The choice is Life

Via Quidnovi, via Tom Bombadil:

"A strange security results when death is so close a companion. It can be felt while crunching along a beach, a skeleton walking on skeletons with the time machine turning in step, wavefalls and footfalls. A gleeful levity at being so brief, at feeling so exempt."
---James Hamilton Paterson, Sea Burial

"Life is the laugh of the actual in the face of nothing. There is so much to sense, think, and emote about, so much life to endure, such fullness of good and bad---and all of it, suddenly, nothing. Only laughter fits the gap. And he laughs luminously with the great swell of being nothing."
---A.A.Attanasio, Solis


Saint Anthony knew what ailed the world;
He could see the skull under the mask.
And he thought up long answers to very short questions
Less clever men never would ask.

Yes, Saint Anthony knew what ailed the world,
Though the world didn't know she was sick.

"Shall eternity break like an endless wave?
Can a candle flame burn on a circular wick?
Shall the beast never die that consumes its own tail
Like a dog with gangrene to lick?"

Yes, Saint Anthony looked for a cure for the world,
But in truth he ailed alone.

So off went the Saint in Saint Anthony's boat,
With a bird who played deaf for a fee.

(Melancholy had rusted the preacher-man's throat;
May it never infect you and me!)

And Saint Anthony hoped his parish'ners could be
Bigger fish in a much bigger sea.
Be assured---any dreamer's a prophet
Who dreams of a house in the sky
Or paradise.

May belief be the slave of aesthetics
And the prettier doctrine apply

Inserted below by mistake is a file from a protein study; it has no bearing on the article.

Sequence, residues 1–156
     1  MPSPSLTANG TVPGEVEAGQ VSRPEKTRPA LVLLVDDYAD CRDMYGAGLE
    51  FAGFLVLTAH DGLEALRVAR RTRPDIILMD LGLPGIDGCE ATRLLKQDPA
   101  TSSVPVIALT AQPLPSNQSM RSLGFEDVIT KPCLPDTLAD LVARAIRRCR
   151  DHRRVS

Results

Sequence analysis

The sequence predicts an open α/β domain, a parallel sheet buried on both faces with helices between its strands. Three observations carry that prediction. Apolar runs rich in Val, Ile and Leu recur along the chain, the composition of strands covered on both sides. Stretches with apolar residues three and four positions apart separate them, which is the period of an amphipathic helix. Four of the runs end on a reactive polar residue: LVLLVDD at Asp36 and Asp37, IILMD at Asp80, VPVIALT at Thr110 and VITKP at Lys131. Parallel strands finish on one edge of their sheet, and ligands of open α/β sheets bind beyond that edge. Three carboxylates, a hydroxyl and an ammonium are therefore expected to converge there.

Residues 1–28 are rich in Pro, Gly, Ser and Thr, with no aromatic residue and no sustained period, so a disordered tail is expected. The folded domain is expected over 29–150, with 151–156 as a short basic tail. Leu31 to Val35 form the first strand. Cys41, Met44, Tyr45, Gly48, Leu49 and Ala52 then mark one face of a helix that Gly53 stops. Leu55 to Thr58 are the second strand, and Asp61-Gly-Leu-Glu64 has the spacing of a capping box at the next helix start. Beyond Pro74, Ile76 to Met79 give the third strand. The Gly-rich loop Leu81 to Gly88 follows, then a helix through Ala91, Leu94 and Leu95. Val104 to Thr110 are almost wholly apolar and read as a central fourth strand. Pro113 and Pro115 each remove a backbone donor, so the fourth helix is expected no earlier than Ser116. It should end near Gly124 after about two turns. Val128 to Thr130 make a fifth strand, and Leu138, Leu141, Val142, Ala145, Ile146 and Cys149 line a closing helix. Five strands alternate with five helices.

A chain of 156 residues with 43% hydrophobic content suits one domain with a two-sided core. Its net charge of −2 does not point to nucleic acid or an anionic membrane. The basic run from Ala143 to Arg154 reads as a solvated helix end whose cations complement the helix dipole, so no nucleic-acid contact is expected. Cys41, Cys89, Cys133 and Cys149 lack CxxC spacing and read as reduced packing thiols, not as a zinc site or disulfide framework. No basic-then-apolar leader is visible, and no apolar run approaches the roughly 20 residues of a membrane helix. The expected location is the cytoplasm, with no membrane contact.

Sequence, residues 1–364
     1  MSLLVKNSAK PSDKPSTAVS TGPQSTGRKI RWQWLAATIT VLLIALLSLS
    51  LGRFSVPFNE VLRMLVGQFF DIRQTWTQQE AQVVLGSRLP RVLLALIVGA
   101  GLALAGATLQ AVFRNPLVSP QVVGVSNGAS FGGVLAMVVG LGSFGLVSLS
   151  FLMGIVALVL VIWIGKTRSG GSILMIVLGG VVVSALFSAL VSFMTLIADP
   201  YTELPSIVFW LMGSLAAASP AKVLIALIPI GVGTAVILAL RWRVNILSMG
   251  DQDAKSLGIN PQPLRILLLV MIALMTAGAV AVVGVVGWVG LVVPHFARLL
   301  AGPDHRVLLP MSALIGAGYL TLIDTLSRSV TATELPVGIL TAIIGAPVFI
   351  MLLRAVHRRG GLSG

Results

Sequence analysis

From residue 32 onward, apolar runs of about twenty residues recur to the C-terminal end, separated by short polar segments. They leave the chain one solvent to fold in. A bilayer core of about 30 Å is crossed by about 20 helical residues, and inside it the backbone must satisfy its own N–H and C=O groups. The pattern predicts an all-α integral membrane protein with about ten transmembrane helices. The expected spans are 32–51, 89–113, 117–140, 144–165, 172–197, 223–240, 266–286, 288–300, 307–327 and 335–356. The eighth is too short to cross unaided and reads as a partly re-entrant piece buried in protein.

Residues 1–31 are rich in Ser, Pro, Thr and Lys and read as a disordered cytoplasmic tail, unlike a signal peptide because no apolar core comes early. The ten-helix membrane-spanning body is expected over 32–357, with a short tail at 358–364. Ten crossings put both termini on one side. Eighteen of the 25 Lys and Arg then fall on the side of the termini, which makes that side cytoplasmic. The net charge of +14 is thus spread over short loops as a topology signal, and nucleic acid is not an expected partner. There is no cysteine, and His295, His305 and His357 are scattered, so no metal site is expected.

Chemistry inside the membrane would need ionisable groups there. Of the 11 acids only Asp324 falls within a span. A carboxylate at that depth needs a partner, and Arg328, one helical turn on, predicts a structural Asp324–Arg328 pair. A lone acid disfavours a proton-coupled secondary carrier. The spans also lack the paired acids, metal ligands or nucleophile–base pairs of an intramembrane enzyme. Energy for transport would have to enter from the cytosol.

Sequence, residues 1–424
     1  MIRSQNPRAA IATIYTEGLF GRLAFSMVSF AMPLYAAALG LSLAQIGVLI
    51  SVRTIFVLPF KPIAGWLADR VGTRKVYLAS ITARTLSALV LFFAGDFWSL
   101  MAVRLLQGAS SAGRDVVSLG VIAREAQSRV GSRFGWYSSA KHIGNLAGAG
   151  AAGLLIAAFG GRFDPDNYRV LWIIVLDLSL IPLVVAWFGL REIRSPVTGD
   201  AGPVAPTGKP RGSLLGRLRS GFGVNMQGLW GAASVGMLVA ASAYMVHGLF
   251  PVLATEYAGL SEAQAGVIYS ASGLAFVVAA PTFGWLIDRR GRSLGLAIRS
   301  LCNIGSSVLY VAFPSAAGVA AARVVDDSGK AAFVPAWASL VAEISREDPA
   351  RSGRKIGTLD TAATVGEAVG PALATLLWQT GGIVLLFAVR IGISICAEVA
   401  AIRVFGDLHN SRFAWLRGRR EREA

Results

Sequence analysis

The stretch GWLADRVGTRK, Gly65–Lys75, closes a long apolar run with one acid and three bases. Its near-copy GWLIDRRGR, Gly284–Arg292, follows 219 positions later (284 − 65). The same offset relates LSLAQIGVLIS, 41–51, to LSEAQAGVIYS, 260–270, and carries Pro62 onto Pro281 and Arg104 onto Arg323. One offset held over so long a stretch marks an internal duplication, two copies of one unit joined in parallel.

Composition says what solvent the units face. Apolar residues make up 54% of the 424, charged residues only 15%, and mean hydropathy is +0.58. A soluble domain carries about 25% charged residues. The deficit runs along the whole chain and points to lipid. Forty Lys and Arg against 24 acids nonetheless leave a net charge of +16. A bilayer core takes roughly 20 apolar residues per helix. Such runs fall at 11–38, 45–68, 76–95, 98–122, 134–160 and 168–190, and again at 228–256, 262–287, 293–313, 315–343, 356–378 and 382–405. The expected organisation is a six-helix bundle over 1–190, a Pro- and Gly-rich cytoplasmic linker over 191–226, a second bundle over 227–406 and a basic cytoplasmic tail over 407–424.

Where doubt arise.

For remember---all nightmares are fiction,
And any foreboding a lie
To children's eyes.

And why would the world be more perfect
Than anything else made of clay---
Like you and I?

For the saint is less blessed than the gardener,
Whose husbandry makes of the earth
A paradise.

The naïve---who embellish his garden
Like innocent blossom---are worth
More than the wise.

Both the text above (extracted from "Saint Anthony's Vocation" and "Choose your own Dream") and the illustration ("The Endless Wave", which its author calls a Tomograph, a 3-dimensional scenes created using a variety of real elements mixed with hand painted cutouts) are from Patrick Woodroffe's amazing collection, Hallelujah Anyway.

Its extraordinary images explore and celebrate the border between reality and illusion; a realm of wild wonders and bizarre beings, brought to life through a combination of paint, etching and highly unconventional photographic techniques.

Published: 1987 (currently out of print)

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